Liquid carbon dioxide (CO2) looks like vodka. It's crystal clear and bright — brighter than water. And liquid CO2 has an unusual quality: It's very jumpy, almost jiggly.
Although carbon dioxide is commonplace — it's in every breath we exhale — most people will never see it flowing as a liquid; it doesn't exist at the temperatures and pressures of ordinary life. But free-flowing CO2 is transforming a mundane, unpleasant task.
Thanks to some ingenious technological tweaks, liquid CO2 is now being used commercially by a new company called Hangers Cleaners in what its developers say is the first pollution-free process that cleans clothes as well as traditional chemical methods do. But more than that, quicksilvery liquid CO2 could be the engine that turns Hangers into a nationwide brand. Micell Technologies Inc., Hangers's Raleigh, North Carolina-based parent company, aims to turn going to the dry cleaners into an experience — just as Starbucks turned buying a cup of coffee into a status statement.
"How does [Hangers] look to me? It looks fabulous," says Ken Langone, 64, cofounder of the Home Depot and a member of Micell's board of directors. "You've got an environmental problem in dry cleaning that has to be dealt with. You've got an industry that hasn't had any new technology in how long? This is a breakthrough."
Actually, the revolution in dry cleaning has been declared before. For the past half century, most clothes have been dry-cleaned using "perc" (short for perchloroethylene), an organic solvent that replaced the flammable, petroleum-based cleaning fluids that were previously used. But perc, it turns out, is highly toxic, and its use is now strictly regulated. "Wet cleaning," a water-based process, is perc-free but doesn't effectively clean all fabrics.
Enter Joseph DeSimone, 36, a polymer chemist with no previous expertise in dry cleaning. In the early 1990s, while working on ways to replace traditional manufacturing solvents with liquid CO2 — the substance used to carbonate soft drinks — DeSimone and a team of researchers at the University of North Carolina at Chapel Hill developed detergents that also happened to clean well when combined with liquid CO2. "I'm fairly certain it's the only cleaning experiment ever published in 'Science,'" says DeSimone.
In 1995, DeSimone and his colleagues patented the process and cofounded Micell Technologies in Raleigh. Their plan was to develop and sell a new kind of dry-cleaning machine that replaced perc with CO2.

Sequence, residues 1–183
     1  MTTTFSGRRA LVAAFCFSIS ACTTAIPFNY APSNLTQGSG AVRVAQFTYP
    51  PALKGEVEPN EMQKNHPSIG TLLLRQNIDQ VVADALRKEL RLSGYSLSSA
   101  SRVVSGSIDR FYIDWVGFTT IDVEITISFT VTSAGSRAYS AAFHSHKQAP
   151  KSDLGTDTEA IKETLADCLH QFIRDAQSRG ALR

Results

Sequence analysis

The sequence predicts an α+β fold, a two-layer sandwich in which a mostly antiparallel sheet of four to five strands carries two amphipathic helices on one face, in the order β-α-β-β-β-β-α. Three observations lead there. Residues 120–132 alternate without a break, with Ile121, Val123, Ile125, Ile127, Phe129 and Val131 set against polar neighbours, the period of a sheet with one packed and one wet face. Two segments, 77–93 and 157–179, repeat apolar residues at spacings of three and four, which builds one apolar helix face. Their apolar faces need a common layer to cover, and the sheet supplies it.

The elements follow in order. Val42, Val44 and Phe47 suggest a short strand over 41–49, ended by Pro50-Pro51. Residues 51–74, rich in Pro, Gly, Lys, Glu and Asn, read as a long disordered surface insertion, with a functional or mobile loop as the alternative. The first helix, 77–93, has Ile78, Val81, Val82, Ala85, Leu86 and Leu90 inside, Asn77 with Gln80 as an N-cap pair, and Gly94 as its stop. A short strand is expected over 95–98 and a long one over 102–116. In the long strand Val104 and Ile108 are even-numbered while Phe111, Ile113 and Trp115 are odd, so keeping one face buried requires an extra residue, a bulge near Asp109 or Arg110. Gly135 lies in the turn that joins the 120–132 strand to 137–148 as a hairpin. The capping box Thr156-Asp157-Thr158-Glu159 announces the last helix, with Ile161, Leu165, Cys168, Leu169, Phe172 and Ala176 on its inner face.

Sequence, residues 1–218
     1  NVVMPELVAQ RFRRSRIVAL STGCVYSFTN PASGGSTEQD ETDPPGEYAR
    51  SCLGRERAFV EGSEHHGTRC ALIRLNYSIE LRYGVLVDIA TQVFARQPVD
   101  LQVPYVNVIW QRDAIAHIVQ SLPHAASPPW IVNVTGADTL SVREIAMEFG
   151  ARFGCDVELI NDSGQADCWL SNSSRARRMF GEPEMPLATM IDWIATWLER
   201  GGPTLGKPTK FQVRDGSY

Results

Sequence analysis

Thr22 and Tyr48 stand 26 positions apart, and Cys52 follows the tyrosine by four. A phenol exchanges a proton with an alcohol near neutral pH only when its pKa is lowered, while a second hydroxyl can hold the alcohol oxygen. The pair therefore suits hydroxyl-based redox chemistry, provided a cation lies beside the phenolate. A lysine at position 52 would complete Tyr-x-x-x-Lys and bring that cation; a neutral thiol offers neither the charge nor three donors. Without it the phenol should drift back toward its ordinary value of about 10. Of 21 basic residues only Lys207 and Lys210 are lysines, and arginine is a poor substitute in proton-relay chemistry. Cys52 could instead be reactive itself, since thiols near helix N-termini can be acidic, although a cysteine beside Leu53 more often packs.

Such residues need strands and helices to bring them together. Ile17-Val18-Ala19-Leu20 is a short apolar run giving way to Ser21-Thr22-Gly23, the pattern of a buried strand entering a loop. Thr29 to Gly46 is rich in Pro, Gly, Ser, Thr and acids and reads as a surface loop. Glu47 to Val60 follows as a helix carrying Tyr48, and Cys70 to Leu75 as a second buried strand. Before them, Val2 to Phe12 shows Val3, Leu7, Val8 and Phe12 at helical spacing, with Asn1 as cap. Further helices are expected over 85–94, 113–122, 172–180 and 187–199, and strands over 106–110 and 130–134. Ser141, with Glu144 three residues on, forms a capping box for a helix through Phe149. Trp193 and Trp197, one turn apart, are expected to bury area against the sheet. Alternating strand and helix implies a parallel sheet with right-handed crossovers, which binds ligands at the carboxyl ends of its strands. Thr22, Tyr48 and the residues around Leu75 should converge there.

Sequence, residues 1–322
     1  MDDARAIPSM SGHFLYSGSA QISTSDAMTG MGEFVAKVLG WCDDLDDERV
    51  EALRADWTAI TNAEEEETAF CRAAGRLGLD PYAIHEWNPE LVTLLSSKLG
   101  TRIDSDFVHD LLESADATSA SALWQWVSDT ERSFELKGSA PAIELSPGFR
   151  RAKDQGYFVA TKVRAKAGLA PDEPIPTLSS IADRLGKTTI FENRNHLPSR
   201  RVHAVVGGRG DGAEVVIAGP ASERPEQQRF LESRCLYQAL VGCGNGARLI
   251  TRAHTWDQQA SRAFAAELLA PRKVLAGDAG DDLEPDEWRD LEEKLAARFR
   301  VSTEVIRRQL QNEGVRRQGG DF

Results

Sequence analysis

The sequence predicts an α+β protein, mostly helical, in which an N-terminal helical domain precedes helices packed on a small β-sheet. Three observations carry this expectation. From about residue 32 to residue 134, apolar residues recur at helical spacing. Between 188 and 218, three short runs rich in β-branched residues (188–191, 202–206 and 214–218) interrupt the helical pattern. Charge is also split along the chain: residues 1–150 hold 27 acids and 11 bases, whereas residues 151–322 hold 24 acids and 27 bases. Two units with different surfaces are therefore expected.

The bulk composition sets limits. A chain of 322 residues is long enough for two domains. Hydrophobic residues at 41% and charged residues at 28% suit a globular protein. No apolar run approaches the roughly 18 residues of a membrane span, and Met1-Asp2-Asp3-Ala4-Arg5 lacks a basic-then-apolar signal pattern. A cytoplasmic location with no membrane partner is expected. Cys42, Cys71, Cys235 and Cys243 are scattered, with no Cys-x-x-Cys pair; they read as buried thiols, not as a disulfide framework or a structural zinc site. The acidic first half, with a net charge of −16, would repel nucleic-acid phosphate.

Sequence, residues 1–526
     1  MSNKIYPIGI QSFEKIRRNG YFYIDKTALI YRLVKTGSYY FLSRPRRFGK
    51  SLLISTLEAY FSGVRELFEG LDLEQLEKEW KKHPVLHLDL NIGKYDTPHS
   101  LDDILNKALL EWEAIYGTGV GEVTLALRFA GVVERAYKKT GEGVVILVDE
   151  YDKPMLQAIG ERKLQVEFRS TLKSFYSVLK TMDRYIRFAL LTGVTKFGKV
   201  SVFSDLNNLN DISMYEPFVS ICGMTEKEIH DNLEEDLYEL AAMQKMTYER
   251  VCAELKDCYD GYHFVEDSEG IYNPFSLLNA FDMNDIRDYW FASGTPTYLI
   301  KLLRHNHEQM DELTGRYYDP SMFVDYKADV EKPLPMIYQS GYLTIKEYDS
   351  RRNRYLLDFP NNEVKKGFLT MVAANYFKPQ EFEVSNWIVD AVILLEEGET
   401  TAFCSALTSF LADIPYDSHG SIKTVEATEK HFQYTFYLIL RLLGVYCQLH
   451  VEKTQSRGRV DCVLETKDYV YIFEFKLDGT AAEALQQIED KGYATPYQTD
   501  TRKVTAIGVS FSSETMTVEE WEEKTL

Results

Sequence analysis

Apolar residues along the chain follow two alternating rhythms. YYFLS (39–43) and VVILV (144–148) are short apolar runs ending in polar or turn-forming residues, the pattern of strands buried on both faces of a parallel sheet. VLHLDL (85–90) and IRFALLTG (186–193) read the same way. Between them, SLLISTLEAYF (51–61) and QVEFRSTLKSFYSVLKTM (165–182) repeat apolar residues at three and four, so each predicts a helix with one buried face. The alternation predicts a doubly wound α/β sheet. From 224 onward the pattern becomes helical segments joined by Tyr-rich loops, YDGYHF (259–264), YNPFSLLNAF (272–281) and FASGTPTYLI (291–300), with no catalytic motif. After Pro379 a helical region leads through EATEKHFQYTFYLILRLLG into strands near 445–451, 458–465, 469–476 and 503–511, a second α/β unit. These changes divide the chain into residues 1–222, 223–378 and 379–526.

During an early pitch to investors, the Home Depot's Langone saw that DeSimone had a great technology but a limited plan for marketing it. Langone's suggestion: Why not wrap the technology into a whole new business? In order to buy Micell's machines, independent dry cleaners would first have to become Hangers franchisees. That way, Micell could control more than just the cleaning process.
"This is an image business," says Micell president S. Kirk Kinsell, 45. "We want people who are first and foremost concerned with the customer experience." Indeed, a Hangers looks more like a Banana Republic than like a dry cleaner. The stores are airy and flooded with light; the customer counters are topped with buffed stainless steel.
As of May, Hangers had 40 stores in Nebraska, North Carolina, and Rhode Island, and the company expects to open another 60 by the end of the year. By boldly aiming for 25% of the $6.5 billion market, Micell is trying to roll up the dry-cleaning business the same way that the Home Depot rolled up the hardware industry.
Micell must overcome a few hurdles — some practical, some psychological. For one thing, the liquid CO2 process requires a machine that is too big to fit into some storefronts. And although the machines are more efficient, they cost $150,000 each — double the price of many perc machines. Plus, franchisees must give up their store names and send 5% of their revenues to Raleigh.
Hangers is hoping that established dry cleaners will realize the virtues of a national brand and a nontoxic process. "We can turn this back into a growth industry," says DeSimone. "We have the technology to grow the business to grow revenues — and to build equity, instead of liability."
Contact S. Kirk Kinsell by email (firstname.lastname@example.org), or learn more about Hangers Cleaners on the Web (www.micell.com).
Sidebar: Out, Damned Spot!
How do you transform an intensely local business whose methods haven't changed in decades? How do you persuade independent operators to join the CO2 revolution? Hangers Cleaners has a plan.
- Offer a better product. The best part of the Hangers package is the CO2 technology. The process is essentially nonpolluting, and the machines recycle 98% of the CO2 that they use. The company says that the small amount of atmospheric CO2 that the Micell machines add to the environment is more than offset by the energy that they save.
- Offer a better business. Micell Techonologies president S. Kirk Kinsell thinks that his company's package — new technology, new attitude — gives dry cleaners a way of distinguishing themselves from every other cleaner in town and offers franchisees the chance to build a business that they will actually be able to sell later on. Says Kinsell: "We want people who understand enough to ask not 'What does it cost?' but 'What is the return on investment?' "
- Offer a better process. Hangers changes the very nature of dry cleaning. The machines are easy to use — a single-touch screen operates the equipment — and have none of the fumes or unpleasantness associated with most modern perc machines. That allows Hangers to compete for employees who might not otherwise be willing to do the dirty work.
A version of this article appeared in the July 2000 issue of Fast Company magazine.